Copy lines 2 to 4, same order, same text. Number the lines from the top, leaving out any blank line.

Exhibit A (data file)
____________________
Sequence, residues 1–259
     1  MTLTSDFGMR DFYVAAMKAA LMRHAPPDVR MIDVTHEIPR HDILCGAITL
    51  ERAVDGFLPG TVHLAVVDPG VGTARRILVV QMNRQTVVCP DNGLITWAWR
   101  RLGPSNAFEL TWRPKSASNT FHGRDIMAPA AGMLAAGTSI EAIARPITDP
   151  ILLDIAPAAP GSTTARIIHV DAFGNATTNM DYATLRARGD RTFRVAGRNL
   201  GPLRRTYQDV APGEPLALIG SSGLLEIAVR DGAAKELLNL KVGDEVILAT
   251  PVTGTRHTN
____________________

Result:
     1  MTLTSDFGMR DFYVAAMKAA LMRHAPPDVR MIDVTHEIPR HDILCGAITL
    51  ERAVDGFLPG TVHLAVVDPG VGTARRILVV QMNRQTVVCP DNGLITWAWR
   101  RLGPSNAFEL TWRPKSASNT FHGRDIMAPA AGMLAAGTSI EAIARPITDP